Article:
But that is just one idea for keeping the lights on at one of the best training grounds for in-depth journalism in America. I’m open to others, and offer one in closing this blog post, which I’ve purposely written way, way too long to suit the common Web wisdom on blog posts, just because I’m an alt-weekly alum and I can go on as long as I damn well please: Next time you walk past the newsbox for your city’s alternative weekly, pick one up. Take it home. Leave it on the coffee table long enough that you eventually read the longer piece or pieces in it. You’ll be helping to keep an alt-weekly financially healthy (yes, the papers are free, but the owners track how many are picked up and use the information in setting ad rates) and you just might stumble across one of America’s next great writers.
For some time, I’ve been planning to write a long, ultra-serious post about the repeat failure of the establishment press to deal with complex, “dangerous” stories. This problem first smacked me in the forehead when I lived in Texas and the national press just flat missed the commercial-and-condo construction bubble that led to the multihundred-billion-dollar collapse of the savings and loan industry. Even after the fact, the major newspapers couldn’t seem to step up to the plate and assign blame to any of the major financial and political interests that had caused the catastrophe. Pathetic as it was then, this inability to face down powerful interests doing things dangerous to the Republic has only grown into an entrenched habit over time, as the major media have dealt glancingly, if at all, with complicated and major story after story. I was going to use Al Gore’s current (wordplay intended) piece in Rolling Stone, “Climate of Denial,” as the starting point for a lengthy, erudite excoriation of Fourth Estate failure to 1) puncture the obvious lies used as justification for invading Iraq and 2) warn of a mortgage bubble and derivatives nightmare that almost crashed the world economy. In my brilliant post, I intended not just to address the false equivalence the media have generally drawn between essentially the entire assembled scientific infrastructure of the civilized world and a few ideologically driven, industry funded hacks charged with creating some illusion of doubt about climate change, but also to wax eloquent about the bankruptcy of the he-said/she-said journalistic approach in general. Unfortunately, Gore did all this and more in his Rolling Stone piece, which (h/t to my friend Ryan Blitstein) deserves to be read in entirety. If you can’t be bothered to put out that much effort, take this part of the article away with you:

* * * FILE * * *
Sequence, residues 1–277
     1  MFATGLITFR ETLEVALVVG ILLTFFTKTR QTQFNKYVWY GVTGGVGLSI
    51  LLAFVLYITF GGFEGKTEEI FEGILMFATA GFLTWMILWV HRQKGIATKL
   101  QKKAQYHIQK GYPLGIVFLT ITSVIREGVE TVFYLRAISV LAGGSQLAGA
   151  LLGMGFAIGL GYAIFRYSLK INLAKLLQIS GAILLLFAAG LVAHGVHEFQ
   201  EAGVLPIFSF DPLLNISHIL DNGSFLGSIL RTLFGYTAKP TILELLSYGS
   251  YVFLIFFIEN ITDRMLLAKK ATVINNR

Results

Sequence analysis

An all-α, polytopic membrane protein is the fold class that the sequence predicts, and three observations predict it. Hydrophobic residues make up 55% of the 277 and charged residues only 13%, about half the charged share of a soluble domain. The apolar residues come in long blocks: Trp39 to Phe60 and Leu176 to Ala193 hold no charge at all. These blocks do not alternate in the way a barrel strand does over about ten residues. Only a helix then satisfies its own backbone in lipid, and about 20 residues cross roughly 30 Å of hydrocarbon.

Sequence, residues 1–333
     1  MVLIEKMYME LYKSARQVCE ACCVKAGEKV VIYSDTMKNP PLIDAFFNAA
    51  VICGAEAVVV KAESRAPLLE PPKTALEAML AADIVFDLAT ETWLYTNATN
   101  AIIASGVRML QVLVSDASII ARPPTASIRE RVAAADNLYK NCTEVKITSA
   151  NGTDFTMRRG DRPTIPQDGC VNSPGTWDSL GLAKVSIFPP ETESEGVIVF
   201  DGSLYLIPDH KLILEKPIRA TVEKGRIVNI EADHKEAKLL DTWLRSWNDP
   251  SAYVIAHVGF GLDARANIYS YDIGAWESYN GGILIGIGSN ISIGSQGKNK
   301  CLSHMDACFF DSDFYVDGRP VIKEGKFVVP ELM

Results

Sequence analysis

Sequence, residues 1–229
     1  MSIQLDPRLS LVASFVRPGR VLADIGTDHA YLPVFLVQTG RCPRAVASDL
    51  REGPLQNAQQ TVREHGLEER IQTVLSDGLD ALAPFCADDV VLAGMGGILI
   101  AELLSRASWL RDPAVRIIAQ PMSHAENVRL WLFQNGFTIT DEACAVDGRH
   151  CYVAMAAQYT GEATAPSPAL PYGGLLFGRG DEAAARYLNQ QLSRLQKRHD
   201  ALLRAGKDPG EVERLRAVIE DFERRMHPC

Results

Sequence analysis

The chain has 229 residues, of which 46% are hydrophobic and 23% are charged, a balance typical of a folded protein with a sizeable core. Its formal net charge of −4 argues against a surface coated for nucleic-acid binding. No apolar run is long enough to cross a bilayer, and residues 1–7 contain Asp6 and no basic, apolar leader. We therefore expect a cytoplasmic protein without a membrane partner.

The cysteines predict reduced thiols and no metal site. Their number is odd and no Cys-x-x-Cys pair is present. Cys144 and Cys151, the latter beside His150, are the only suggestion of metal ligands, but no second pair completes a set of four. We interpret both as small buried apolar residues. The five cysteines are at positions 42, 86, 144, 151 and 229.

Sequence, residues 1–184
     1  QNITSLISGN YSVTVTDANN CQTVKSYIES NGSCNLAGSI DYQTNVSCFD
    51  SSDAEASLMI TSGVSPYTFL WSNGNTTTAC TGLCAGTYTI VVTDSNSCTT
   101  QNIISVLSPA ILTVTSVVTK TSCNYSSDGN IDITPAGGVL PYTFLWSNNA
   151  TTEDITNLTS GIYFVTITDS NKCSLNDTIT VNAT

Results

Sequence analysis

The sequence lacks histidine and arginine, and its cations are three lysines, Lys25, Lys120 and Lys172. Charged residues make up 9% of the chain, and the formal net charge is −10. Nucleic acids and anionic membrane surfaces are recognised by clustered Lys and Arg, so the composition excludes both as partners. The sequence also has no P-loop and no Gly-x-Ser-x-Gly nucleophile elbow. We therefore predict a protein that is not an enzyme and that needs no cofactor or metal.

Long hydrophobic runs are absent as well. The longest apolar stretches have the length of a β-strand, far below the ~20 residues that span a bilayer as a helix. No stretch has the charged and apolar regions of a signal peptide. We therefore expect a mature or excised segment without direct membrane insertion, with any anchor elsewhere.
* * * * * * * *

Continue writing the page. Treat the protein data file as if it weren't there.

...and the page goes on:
The scientific consensus is far stronger today than at any time in the past. Here is the truth: The Earth is round; Saddam Hussein did not attack us on 9/11; Elvis is dead; Obama was born in the United States; and the climate crisis is real. It is time to act.
Al Gore is very gentle with President Obama, understanding his various political dilemmas over the course of many boring paragraphs. For his care, the former vice president is being attacked by Beltway media critics who don’t seem even to have tried to understand his argument. (Jack Shafer has written an especially beside-the-point piece that is very good at expressing the contempt in which Shafer holds Gore — and, to my eye, nothing else.) But careful as he is in getting there, Gore comes to the proper conclusion: The president has, for political reasons, backed away from confronting the most important issue of our time — and a very real and very direct threat to the future of life on Earth. All the money Big Oil and Big Coal can muster cannot change a simple truth: Burning fossil fuels threatens the future of life. Mr. President, isn’t the planet more important than a reelection?